The New Design of Justice

Durham County Courthouse + Wake County Justice Center

In 1999 and 2000 respectively, both Durham and Wake Counties, NC, began the process of Master Planning their capital improvements for the next 20-30 years. Both counties began to see a large growth in population, Durham having an average growth of 2.5% per year and Wake County 6.1% average growth. Seeing this large change in population spurred both counties to re-evaluate their facilities and capital expenditures.

Durham County had built its former courthouse in 1978, and at the time it was reported not to have enough courtrooms to fit its current workload, essentially being out of space the day it opened.

The new Durham County Courthouse and its terraced plaza serve as the keystone for a complex of government buildings that straddle the rail line at the southern edge of downtown Durham. The building is sited next to the existing detention center and across from the Durham Performing Arts Center, the Durham Bulls Athletic Park, and the renovated and repurposed American Tobacco Campus.

Design inspiration for the Courthouse came, in part, from the County’s assemblage of public buildings, including the 1922 historic courthouse. The new courthouse is transitional in its planar architecture of brick, glass, and slate, yet is clearly expressive of today. Articulated brick and large windows on the south facade mark the public lobbies on court floors. This prominent elevation features a formal entry pavilion and stair tower expressed in slate. Light-filled public spaces and courtrooms symbolize the openness and impartiality of this country’s legal system and humanize the setting for visitors, judges, and staff. The ceremonial staircase features a mosaic of historic photographs that pays homage to the history of justice in Durham. The facility houses the Office of the Sheriff, District and Superior Courts, Public Defender, District Attorney, and the Clerk of the Court. The courthouse effectively consolidates all of the judicial functions into one central location, creating a true judicial campus for Durham County.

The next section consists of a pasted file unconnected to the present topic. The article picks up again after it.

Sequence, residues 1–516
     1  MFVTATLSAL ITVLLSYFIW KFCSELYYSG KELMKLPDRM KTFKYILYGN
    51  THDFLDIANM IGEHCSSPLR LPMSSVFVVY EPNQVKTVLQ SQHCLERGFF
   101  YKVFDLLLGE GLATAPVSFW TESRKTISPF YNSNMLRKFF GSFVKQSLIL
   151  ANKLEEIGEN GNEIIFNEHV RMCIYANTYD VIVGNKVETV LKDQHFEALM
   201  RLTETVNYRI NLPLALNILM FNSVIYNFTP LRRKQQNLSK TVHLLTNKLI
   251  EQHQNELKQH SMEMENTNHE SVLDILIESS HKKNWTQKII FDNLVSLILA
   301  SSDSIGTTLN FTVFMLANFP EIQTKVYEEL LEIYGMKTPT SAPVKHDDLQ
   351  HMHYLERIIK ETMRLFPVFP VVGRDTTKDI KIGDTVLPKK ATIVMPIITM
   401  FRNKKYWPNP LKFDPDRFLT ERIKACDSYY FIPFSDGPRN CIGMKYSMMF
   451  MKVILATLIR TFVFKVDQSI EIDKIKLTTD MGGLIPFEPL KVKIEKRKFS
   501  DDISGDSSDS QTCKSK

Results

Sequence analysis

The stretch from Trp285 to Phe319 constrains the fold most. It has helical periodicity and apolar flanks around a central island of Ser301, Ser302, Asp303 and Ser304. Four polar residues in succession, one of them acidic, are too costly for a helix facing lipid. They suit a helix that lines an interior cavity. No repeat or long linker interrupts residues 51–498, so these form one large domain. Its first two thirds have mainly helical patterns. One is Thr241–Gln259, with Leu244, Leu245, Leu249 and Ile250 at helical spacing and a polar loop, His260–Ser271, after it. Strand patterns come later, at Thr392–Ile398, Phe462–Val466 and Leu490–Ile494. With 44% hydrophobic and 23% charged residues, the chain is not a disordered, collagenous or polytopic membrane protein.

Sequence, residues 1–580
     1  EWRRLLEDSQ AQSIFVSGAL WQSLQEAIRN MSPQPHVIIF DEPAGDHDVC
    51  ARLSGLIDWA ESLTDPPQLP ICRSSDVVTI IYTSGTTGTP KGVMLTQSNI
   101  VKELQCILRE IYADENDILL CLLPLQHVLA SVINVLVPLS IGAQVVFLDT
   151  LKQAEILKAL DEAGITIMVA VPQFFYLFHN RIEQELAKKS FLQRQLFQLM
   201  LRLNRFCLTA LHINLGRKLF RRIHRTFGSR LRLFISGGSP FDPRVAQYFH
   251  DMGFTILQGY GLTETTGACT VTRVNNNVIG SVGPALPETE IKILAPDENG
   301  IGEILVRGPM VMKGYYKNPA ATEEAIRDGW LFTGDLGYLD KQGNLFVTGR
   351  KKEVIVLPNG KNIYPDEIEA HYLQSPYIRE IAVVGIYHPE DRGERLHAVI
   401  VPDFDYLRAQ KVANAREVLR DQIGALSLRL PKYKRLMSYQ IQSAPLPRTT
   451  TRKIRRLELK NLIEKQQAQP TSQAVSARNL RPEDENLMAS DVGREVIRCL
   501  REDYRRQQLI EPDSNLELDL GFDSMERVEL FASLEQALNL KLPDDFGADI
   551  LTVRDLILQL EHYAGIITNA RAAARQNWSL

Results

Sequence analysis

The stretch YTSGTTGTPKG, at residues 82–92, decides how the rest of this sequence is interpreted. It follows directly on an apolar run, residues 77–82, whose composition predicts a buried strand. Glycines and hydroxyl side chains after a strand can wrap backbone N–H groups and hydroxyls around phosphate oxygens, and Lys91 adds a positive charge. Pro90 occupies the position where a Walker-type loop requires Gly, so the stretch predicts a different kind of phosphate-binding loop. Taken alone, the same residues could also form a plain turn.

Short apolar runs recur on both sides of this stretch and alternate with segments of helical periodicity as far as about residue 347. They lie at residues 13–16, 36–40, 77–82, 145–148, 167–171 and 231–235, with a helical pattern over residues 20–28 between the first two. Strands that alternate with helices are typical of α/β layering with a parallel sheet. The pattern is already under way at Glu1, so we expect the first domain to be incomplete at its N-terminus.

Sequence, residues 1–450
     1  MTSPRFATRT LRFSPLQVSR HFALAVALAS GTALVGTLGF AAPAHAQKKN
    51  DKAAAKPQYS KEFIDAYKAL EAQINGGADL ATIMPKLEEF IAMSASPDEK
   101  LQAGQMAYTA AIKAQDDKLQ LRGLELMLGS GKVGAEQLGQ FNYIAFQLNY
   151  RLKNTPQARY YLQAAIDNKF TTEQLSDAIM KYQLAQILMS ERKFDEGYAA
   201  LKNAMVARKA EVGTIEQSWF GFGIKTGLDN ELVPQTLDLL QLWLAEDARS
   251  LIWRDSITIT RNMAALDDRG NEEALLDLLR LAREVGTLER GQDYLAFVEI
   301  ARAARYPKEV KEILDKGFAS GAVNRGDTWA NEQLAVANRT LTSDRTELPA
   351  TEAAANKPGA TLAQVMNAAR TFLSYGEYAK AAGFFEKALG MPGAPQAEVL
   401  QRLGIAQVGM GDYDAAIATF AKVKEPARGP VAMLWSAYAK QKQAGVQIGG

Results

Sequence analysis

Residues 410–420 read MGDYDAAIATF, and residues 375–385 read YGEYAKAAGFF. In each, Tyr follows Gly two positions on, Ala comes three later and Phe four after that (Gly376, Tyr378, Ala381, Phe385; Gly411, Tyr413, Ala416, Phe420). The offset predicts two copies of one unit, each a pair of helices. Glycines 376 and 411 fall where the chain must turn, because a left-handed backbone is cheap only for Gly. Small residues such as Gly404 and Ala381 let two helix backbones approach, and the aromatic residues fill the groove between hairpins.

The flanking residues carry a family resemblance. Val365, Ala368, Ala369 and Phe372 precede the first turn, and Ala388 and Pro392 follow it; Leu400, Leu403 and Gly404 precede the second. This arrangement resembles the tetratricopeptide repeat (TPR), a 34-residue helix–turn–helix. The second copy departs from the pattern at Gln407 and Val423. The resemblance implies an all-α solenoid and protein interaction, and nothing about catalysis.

Designed for civic pride and the welcoming accommodation of all users, the Wake County Justice Center seamlessly integrates both the modern and historic aspects of North Carolina’s Capital city. It conveys openness and decorum while maintaining the private citizen as focus.

Challenged with one of the highest rates of population and case load growth in the nation, this facility houses two major functions serving its citizens; the County Criminal Courts and the County Public Records and Administration offices. The 11-story facility encompasses 576,996-square-feet and has the capacity for 20 new criminal courtrooms equipped with state-of-the-art technology, as well as more space for court support, including the Clerk of Court and Public Defender. The new Center also includes a new County Commissioners’ Meeting Room and County administrative offices. The site is bordered by the existing Public Safety Center, which is connected via a subterranean tunnel. Major city streets border the Center on the other three sides, resulting in a building with deliveries of goods, services, and the transfer of detainees to occur underground.

The design of the Wake County Justice Center aims to serve large volumes of building users in a highly efficient but gracious manner. The high-volume District Courtrooms for criminal and traffic cases are located on the lower three floors and can accommodate over 100 spectators in the gallery. These floors are served by elevators and escalators to move people to and from court as quickly as possible. The ground level features a special Disposition Courtroom suite with a large processing area that includes a kiosk with work space for a clerk, magistrate, district attorney and cashier. There is a large, specialized courtroom that can process over 300 cases each day, and an ancillary hearing room for cases that can be disposed of by a magistrate.

Both of these projects were featured in the AIA Justice Facility Review for 2014.